Why an Iconic California Meatpacking Plant Is Closing

A truck carrying pigs entering the plant.Credit…Mark Abramson for The New York Times

When I arrived before dawn at the pork processing plant, I could see lights from the downtown Los Angeles skyline flickering a few miles to the north. It was one of those heavy, gloomy mornings — one with a thick marine layer that so many of us Southern Californians know to expect in the summertime.

I’m not new to the region, but I am new to The New York Times. I joined the paper in June after spending eight years at The Los Angeles Times, where I worked as a national correspondent. Before that, I covered state politics and policy at The Denver Post, a newspaper I grew up reading as a Colorado native.

Now, as an economics correspondent for The Times, based in Los Angeles, I’ll be roving the West and writing about this diverse and dynamic part of the country and its economic challenges.

So when I read that Smithfield Foods would close an iconic meatpacking plant in Vernon — an industrial city not far from downtown Los Angeles — and that roughly 1,800 people would lose their jobs, I kept coming back to two questions: Why was it necessary, and what will happen to the workers?

Today I published an article that captures the debate over ​the closing​ and whom is to blame — ​the company or California?

Smithfield officials told me that escalating costs of doing business in California led to their decision. State leaders say that contention doesn’t match the reality, noting that California’s economic growth outpaced the nation’s and that the state remained the tech capital of the country.

The Smithfield plant, associated with the Farmer John brand, dates back to 1931 and is known for its huge mural depicting a pastoral rural landscape that transports you far from the concrete corridors of Vernon. For decades, Farmer John produced the widely famous Dodger Dog.

More than 80 percent of the employees at the plant are Latino — a mix of immigrants and first-generation native-born. Most are older than 50.

Outside, I visited with Teresa Robles, 57, who has worked here since 2018. She makes $17.85 an hour cutting tripe most days.

She knew the history of the plant, and when whispers started in early June that it would close, she quickly grew concerned. She wondered if anyone would offer her a reliable job at her age, and whether she would ever find work at a comparable wage.

“They’re kicking us out with no answers,” Robles told me, blinking back tears.

The factory is scheduled to close early next year. The workers’ union says it is trying to find new jobs for its members and a buyer for the plant. I’ll be watching what happens next.

Kurtis Lee is an economics correspondent for The Times, based in Los Angeles.

An early intervention preschool teacher with young students at the Carousel School in Sacramento.Credit…Monica Almeida/The New York Times

The rest of the news

  • Child care: Free universal preschool is finally arriving in California, but for child care centers already dealing with staffing shortages, the timing couldn’t be worse. Read more from Politico.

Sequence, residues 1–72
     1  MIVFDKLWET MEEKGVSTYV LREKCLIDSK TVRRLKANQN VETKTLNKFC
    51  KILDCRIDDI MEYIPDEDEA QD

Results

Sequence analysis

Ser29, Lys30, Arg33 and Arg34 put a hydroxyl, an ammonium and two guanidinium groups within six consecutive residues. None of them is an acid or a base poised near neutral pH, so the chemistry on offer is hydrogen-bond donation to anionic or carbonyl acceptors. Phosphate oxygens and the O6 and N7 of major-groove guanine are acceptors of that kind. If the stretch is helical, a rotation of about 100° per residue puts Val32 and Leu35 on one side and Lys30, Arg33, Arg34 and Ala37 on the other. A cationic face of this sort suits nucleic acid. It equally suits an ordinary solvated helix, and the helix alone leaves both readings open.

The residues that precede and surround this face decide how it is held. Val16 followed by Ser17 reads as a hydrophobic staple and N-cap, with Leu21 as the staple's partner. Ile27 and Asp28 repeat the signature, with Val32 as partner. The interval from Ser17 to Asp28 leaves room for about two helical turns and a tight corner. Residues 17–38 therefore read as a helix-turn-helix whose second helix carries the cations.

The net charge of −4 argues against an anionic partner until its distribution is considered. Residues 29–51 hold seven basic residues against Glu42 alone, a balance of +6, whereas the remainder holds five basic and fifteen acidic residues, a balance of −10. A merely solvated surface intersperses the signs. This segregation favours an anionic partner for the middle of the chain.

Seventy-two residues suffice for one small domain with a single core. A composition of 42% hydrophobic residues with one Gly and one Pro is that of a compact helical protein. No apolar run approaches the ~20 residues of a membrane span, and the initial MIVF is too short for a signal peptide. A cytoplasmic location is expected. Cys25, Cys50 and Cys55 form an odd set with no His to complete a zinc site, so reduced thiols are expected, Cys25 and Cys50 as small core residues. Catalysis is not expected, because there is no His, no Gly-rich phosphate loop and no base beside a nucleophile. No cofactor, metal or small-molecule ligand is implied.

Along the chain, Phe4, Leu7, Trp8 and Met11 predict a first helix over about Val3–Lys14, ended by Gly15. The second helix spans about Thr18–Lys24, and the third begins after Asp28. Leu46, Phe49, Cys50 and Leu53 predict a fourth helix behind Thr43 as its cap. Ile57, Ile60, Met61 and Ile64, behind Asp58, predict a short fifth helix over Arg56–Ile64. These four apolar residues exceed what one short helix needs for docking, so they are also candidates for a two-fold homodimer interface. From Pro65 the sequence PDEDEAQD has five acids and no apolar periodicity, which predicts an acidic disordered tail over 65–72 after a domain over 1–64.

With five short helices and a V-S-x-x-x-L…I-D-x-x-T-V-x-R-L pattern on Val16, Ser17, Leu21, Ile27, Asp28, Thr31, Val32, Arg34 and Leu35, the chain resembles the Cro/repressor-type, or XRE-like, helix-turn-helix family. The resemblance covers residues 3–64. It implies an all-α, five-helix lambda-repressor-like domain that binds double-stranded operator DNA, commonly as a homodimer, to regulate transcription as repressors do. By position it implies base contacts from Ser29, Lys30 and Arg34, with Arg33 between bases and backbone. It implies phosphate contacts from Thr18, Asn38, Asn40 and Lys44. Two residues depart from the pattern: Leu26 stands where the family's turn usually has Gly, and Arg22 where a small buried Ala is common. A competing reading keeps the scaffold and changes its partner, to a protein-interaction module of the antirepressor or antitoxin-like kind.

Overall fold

• Pac-12: Commissioner George Kliavkoff spoke publicly for the first time since the departure of U.S.C. and U.C.L.A. from the Pac-12.

  • Monkeypox: California officials say they aren’t yet ready to declare an emergency over monkeypox, The Associated Press reports.


  • Problems in the Coachella Valley: The E.P.A. found that water at a mobile home park in the Coachella Valley contained almost 10 times the allowable limit of arsenic. But housing alternatives are hard to find.

  • School buses: A fleet of electric-powered school buses in El Cajon can send electricity back to California’s grid, The Los Angeles Times reports.


  • Oak fire: One of California’s largest wildfires this year has slowed, with firefighters saying that the fire west of Yosemite National Park is mostly contained, The Mercury News reports.


  • McKinney fire: A fast-growing wildfire in Siskiyou County has become the state’s largest this year so far and has prompted Gov. Gavin Newsom to declare a state of emergency.

  • Nursing home: A nursing home operated by the city of San Francisco will stop discharging patients after at least four patients died within days or weeks of being moved from Laguna Honda Hospital, The Associated Press reports.

Credit…Natasha Lee for The New York Times

What you get

She planned to spend her golden years in the Golden State. What could she afford?

Credit…Evan Sung for The New York Times

What we’re eating

No-bake blueberry cheesecake bars.

Credit…Eric Grigorian for The New York Times

Where we’re traveling

Today’s travel tip comes from Steve Mullen, who recommends a classic Los Angeles drive:

Tell us about your favorite places to visit in California. Email your suggestions to [email protected]. We’ll be sharing more in upcoming editions of the newsletter.

What we’re reading

Anthony Marra’s “Mercury Pictures Presents,” a homage to the movies and to his immigrant family.

Credit…Ringo Chiu/Agence France-Presse — Getty Images

And before you go, some good news

A lucky Californian just won the lottery — literally.

A Mega Millions ticket worth $4.2 million was sold at a Vons in northeast Fresno, ABC 30 reports. It was the only ticket in California that matched all five numbers drawn on Friday. (It did not, however, match the mega ball worth $1.28 billion.)

Thanks for reading. We’ll be back tomorrow.

P.S. Here’s today’s Mini Crossword, and a clue: Animal symbol of Cancer (4 letters).

Soumya Karlamangla, Briana Scalia and Jack Kramer contributed to California Today. You can reach the team at [email protected].


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